Many teeth have been gnashed by the reactionary media throughout this last month or so amid the lower-class uprising within Colombia, and amid the victory of Pedro Castillo in Peru's presidential election. The imperialists may have succeeded at stopping an anti-IMF candidate from winning in Ecuador this year by manufacturing synthetic "leftist" factions that divided the vote in favor of the rightists. But what's happening in these other two countries portends to how the masses in Ecuador--and in the rest of Washington's neo-colonies--are going to soon respond to the deepening impoverishment and state violence imposed upon them by U.S.-engineered neoliberal policies.
In an op-ed vilifying Castillo and other Latin American anti-imperialists, the Wall Street Journal has written that "Castillo's threat to freedom is so serious that Nobel Prize-winning author Mario Vargas Llosa, whose intense dislike of the Fujimori political machine [the campaign of Castillo's opponent Keiko Fujimori] is well-known, has endorsed Keiko." Which shows that even more independent-thinking reactionaries like Llosa are feeling compelled to take sides in Latin American politics as the class struggle there intensifies.
Fujimori's Trump-esque conspiracy theory about the election being stolen is getting amplified by the bourgeois media, parallel to how neocons in publications like The Daily Wire and The National Interest are propagating the conspiracy theories from Colombia's neo-Nazi governmental factions about how the protests are the work of criminal organizations and foreign interference. One National Interest piece, which has been republished by the conservative think tank the Heritage Foundation, calls for Biden to double down on backing state terrorism in Colombia by bizarrely claiming that "advancing human rights in Colombia" can best be accomplished by "cooperating with regional security services, not by disengaging and shunning them."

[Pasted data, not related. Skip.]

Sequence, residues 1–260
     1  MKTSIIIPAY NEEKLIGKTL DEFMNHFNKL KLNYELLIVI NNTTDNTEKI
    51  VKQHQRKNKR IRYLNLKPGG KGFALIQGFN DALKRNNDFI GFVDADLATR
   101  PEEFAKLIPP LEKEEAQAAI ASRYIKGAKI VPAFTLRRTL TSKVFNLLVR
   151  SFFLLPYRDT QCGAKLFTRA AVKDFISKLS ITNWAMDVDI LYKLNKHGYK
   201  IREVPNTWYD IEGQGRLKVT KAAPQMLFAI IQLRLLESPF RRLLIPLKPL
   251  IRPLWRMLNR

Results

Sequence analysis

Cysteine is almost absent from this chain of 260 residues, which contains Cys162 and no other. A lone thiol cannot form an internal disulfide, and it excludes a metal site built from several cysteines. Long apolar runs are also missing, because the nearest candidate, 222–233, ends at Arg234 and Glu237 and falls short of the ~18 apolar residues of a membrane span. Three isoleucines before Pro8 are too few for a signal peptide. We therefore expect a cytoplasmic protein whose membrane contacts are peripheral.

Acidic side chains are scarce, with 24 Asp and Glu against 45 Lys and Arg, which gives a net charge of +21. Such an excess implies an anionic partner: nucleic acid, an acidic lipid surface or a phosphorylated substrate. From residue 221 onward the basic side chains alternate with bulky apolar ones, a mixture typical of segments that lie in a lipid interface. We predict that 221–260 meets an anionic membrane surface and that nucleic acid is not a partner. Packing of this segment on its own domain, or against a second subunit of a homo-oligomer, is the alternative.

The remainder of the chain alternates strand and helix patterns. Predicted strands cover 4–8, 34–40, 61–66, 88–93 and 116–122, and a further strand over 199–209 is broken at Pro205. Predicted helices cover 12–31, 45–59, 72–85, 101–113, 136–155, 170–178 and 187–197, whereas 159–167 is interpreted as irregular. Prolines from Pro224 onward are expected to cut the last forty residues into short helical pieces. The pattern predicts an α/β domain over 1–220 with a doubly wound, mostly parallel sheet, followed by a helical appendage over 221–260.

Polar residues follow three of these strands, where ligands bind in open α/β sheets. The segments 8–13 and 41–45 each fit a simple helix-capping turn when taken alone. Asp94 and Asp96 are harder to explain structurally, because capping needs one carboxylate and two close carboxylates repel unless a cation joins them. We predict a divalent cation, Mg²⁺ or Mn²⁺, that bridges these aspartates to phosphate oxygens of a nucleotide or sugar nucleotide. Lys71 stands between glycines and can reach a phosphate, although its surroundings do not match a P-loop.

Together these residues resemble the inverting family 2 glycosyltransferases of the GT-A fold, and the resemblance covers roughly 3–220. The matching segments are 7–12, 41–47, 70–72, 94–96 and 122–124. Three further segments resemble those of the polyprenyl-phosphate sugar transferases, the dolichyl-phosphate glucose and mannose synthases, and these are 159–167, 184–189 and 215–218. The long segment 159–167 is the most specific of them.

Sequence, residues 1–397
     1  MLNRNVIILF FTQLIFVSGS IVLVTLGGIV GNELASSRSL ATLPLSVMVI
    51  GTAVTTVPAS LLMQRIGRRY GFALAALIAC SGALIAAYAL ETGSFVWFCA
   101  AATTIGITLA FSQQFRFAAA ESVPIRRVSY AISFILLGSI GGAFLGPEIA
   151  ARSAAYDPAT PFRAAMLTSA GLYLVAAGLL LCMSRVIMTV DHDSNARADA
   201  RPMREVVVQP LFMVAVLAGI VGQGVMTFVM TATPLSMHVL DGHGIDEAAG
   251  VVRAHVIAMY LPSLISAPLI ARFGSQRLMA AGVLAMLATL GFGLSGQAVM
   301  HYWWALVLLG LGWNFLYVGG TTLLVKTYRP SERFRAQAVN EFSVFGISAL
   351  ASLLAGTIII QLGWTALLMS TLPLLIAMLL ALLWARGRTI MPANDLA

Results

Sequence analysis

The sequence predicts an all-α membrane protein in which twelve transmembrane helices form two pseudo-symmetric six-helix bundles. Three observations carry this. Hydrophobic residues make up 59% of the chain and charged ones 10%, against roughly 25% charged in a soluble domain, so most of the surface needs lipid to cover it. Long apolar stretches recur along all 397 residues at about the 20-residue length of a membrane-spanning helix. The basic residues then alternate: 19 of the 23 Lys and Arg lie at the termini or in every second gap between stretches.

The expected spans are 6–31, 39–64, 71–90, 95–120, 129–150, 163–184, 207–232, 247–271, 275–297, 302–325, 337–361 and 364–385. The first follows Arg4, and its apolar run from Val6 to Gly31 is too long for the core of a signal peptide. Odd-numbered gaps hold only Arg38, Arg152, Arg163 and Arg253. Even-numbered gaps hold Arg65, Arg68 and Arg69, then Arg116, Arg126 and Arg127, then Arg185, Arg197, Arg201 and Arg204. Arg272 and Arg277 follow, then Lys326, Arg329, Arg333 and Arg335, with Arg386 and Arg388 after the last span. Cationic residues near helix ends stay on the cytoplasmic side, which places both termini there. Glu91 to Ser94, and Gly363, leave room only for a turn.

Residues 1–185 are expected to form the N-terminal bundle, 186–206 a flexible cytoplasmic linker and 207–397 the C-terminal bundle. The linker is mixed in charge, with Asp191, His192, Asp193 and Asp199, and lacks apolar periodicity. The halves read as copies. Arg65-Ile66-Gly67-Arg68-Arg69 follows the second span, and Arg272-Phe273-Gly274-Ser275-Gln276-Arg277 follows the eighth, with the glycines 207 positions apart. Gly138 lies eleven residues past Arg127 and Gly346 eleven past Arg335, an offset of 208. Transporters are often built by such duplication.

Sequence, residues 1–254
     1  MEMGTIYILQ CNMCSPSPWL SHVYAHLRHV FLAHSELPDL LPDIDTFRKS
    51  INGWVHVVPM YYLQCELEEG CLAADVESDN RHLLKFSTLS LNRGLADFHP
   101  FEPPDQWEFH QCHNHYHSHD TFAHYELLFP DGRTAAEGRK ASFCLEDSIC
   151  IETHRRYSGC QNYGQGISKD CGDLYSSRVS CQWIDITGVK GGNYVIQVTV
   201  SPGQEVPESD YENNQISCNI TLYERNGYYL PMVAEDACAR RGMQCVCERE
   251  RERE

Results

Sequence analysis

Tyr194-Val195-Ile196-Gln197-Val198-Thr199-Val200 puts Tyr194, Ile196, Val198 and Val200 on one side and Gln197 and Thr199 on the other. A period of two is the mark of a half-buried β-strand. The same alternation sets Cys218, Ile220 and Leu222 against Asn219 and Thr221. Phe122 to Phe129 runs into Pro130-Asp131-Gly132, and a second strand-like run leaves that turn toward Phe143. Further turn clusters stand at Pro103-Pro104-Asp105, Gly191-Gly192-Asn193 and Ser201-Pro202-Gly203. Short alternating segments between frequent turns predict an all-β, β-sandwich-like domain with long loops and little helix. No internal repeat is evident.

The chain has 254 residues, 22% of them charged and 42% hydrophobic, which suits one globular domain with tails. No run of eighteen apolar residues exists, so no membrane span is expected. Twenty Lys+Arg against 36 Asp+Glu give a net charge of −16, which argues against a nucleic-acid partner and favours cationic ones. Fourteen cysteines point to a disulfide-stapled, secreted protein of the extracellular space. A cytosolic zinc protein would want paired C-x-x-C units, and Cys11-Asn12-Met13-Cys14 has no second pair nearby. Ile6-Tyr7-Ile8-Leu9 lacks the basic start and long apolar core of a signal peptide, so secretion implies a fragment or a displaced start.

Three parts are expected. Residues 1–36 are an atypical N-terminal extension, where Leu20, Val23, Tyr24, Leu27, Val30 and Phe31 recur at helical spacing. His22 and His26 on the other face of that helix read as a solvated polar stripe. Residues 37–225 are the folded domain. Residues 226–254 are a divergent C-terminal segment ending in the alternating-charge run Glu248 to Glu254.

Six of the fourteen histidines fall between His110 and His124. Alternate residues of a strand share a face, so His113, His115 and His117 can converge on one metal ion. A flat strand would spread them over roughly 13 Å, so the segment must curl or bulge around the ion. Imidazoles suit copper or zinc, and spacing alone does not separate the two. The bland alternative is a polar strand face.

Taking the nonsense a step further, the failed Colombian "libertarian" politician Daniel Raisbeck has charged that "Colombia's anti-imperialists import cancel culture," and has defended Colombia's government even amid the recent instances where police have opened fire on unarmed demonstrators, the government's imperialist backers have coordinated internet disruptions and censorship of dissidents to try to cover up police violence, more than 2,000 incidents of police brutality have been reported, more than 1,600 people have been arbitrarily detained, human-rights leaders and union activists have been detained or deported, bounties have been offered for the murder of medical workers working within the protests, protest leaders have been criminalized, protesters have been disappeared by the hundreds and sexually abused by law enforcement in the dozens, a third of Colombia's police departments have been newly militarized to deadly effect, government helicopters have shot civilians in broad daylight, and state-backed paramilitaries have executed people extrajudicially. These things are likely worse than cancel culture.
Continuing his screed, Raisbeck complains that:
The country's hard left, led by former guerrilla member and now-Senator Gustavo Petro, wants the world to believe that Colombia is under an illegitimate, authoritarian regime that systematically abuses human rights. Colombia, however, is still a liberal democracy, imperfect and now beleaguered, that is fighting to preserve the republican institutions that its neighbors have either lost--as in the case of Venezuela--or may be about to lose, as in the case of Peru... "In the modern state," wrote Colombian philosopher Nicola's Gómez Da'vila, "the classes with opposed interests are not the bourgeoisie and the proletariat, but rather the class that pays taxes and the one that lives off them."